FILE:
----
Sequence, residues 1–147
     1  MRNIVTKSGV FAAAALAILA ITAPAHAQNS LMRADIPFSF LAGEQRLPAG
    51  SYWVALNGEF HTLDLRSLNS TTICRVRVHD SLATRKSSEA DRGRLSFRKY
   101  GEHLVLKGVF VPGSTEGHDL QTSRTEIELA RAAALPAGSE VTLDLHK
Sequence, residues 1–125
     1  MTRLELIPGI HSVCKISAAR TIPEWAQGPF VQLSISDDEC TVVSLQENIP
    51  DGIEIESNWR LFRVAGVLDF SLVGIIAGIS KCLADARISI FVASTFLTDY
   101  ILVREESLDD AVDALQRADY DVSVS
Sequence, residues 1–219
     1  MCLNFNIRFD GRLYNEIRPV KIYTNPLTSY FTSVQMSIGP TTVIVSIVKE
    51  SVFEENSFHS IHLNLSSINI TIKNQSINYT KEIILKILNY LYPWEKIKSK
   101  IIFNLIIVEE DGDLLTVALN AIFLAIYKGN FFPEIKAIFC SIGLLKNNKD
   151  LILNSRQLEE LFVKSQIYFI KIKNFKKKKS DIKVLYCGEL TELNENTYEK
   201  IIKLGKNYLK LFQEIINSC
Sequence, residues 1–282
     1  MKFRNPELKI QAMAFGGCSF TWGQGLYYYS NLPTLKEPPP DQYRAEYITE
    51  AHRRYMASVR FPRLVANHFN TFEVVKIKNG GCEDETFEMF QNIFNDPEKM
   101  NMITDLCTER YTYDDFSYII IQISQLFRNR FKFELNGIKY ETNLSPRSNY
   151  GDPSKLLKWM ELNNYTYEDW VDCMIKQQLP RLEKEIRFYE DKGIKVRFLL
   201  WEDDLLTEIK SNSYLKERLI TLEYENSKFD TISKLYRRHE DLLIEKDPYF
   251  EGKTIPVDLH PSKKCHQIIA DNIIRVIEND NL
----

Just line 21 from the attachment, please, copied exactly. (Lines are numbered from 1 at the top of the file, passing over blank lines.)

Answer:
   251  EGKTIPVDLH PSKKCHQIIA DNIIRVIEND NL